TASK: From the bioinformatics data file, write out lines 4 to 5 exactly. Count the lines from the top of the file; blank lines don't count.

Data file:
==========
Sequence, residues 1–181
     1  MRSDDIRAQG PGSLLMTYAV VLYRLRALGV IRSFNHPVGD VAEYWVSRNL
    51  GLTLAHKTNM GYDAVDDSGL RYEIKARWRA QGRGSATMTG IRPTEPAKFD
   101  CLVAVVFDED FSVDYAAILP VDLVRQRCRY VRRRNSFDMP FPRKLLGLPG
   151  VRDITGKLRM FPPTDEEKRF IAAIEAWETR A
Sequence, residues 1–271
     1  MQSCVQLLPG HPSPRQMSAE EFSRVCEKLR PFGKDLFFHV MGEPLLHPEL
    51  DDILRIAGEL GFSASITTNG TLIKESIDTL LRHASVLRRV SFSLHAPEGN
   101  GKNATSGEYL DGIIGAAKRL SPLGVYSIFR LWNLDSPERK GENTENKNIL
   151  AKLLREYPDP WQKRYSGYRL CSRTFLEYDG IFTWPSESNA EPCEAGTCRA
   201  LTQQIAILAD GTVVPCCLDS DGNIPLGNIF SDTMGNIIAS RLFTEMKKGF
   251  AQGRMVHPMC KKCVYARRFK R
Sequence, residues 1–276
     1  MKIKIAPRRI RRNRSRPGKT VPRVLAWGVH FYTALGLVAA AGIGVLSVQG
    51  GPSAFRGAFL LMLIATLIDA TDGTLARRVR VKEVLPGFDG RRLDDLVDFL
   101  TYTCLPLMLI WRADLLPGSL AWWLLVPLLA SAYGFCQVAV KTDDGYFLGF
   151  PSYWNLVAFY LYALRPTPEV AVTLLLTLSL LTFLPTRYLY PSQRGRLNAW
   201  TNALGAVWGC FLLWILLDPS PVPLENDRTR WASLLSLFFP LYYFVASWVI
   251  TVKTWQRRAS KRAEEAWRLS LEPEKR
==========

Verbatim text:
   101  CLVAVVFDED FSVDYAAILP VDLVRQRCRY VRRRNSFDMP FPRKLLGLPG
   151  VRDITGKLRM FPPTDEEKRF IAAIEAWETR A